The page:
In the lowlands that separate Mykolaiv and Kherson regions, there are few things of great value to see.
Fields are flat and mostly featureless, and residents of local villages have evacuated their homes.
Yet this territory is of crucial importance, as it serves as the gateway to the city of Kherson.
A metropolitan center of some 300,000 inhabitants, it is the only regional capital that the Russians have managed to conquer, making it an invaluable military prize.
By capturing the city, the Ukrainians would effectively banish the enemy to the western side of the Dnipro River, reinforcing the momentum they have built up over the past few weeks.
Their forces are about 30 km from the outskirts of the city and we were taken into a series of narrow-walled trenches which form the Ukrainian side of the current front line.
A soldier called Oleksandr, who led us through a passage, then pointed to a hole that had been chiseled in the wall.
“Sleep,” he said, opening a small wooden door.
“This is where we go, sleep and take shelter.”
Coverage is something Oleksandr needs. This position is continuously struck by the Russians.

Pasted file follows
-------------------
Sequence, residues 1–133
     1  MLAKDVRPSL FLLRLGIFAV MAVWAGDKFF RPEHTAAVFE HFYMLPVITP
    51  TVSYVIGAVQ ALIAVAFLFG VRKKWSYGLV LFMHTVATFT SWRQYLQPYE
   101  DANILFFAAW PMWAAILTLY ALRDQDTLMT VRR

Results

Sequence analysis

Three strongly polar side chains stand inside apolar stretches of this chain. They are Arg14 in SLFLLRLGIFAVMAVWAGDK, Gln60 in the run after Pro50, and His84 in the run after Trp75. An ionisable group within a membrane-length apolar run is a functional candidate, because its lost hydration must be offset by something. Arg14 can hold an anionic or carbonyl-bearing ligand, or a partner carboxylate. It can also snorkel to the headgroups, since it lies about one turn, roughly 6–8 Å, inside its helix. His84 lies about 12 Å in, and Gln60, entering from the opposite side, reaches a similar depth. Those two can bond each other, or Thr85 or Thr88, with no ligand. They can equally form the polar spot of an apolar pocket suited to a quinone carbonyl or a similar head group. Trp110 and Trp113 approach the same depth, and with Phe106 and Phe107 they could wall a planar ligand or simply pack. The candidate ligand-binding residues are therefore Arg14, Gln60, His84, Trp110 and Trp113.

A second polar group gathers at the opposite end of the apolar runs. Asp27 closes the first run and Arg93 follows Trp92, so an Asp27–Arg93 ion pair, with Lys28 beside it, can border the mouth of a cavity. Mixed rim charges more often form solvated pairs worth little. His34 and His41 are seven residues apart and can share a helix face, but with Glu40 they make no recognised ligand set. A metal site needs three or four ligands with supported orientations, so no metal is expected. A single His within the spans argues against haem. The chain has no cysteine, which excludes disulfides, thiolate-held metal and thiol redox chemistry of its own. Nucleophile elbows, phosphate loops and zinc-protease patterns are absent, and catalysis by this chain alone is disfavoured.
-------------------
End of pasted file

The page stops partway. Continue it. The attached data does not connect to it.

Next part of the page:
It’s very active, every day, tanks and mortars, small and large caliber, howitzers, cluster bombs, Grad missiles – whatever they have they use.
Nearby, we found soldiers Vadim and Anatoly watching the horizon from their lookout post.
It was cramped and claustrophobic, but they said the Ukrainians would soon take more ground.
“We won’t stay here long, just a few days,” Anatoly said.
“But winter is coming, won’t that make things more difficult?” I asked.
“We can take it, it will be fine.”
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There is a machine gun post protecting the Ukrainian positions in the area and the commander told us he was ready to take us if we were ready to run.
We sprinted through a section of open ground and found a pair of gunners at the end of a shallow trench.
They told us that this place was recently seized by the Russians.
“Browning pistol, Germany. I can show you,” said one, gripping the handles of his heavy machine gun.
“If you look ahead, 11 o’clock, there is a building there and our intelligence now says there are Chechens inside.”
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Did you use (the gun) that I asked for?
“Yes, we used it and successfully too – it’s indefensible. I can only imagine how the enemy felt afterwards.”
The light was dimming and the commander told us we had to come back. He had good reason to ask us to leave – the field in front of us was littered with artillery fire as we walked out.
We knew the men in that dilapidated trench line would have a long and difficult night.
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